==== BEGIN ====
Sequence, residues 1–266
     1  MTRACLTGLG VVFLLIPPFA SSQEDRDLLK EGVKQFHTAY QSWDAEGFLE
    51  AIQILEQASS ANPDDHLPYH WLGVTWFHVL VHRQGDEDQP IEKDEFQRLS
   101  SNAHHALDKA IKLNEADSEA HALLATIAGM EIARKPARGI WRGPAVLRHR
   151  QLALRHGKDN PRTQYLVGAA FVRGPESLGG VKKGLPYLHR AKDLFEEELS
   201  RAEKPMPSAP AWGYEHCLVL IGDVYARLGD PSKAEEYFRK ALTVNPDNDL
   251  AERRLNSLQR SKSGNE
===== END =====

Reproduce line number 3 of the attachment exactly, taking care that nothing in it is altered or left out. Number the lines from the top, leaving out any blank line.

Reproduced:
    51  AIQILEQASS ANPDDHLPYH WLGVTWFHVL VHRQGDEDQP IEKDEFQRLS